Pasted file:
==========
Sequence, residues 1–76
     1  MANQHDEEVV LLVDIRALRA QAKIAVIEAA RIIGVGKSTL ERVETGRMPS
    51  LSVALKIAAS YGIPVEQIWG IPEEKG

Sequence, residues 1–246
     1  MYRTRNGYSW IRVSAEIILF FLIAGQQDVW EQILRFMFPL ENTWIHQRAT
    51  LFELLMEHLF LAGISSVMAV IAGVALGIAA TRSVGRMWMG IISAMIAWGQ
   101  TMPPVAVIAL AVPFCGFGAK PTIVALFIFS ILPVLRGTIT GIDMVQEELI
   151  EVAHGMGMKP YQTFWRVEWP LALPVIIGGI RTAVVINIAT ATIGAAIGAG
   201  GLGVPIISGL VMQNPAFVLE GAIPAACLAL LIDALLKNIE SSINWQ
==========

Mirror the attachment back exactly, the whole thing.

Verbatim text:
Sequence, residues 1–76
     1  MANQHDEEVV LLVDIRALRA QAKIAVIEAA RIIGVGKSTL ERVETGRMPS
    51  LSVALKIAAS YGIPVEQIWG IPEEKG

Sequence, residues 1–246
     1  MYRTRNGYSW IRVSAEIILF FLIAGQQDVW EQILRFMFPL ENTWIHQRAT
    51  LFELLMEHLF LAGISSVMAV IAGVALGIAA TRSVGRMWMG IISAMIAWGQ
   101  TMPPVAVIAL AVPFCGFGAK PTIVALFIFS ILPVLRGTIT GIDMVQEELI
   151  EVAHGMGMKP YQTFWRVEWP LALPVIIGGI RTAVVINIAT ATIGAAIGAG
   201  GLGVPIISGL VMQNPAFVLE GAIPAACLAL LIDALLKNIE SSINWQ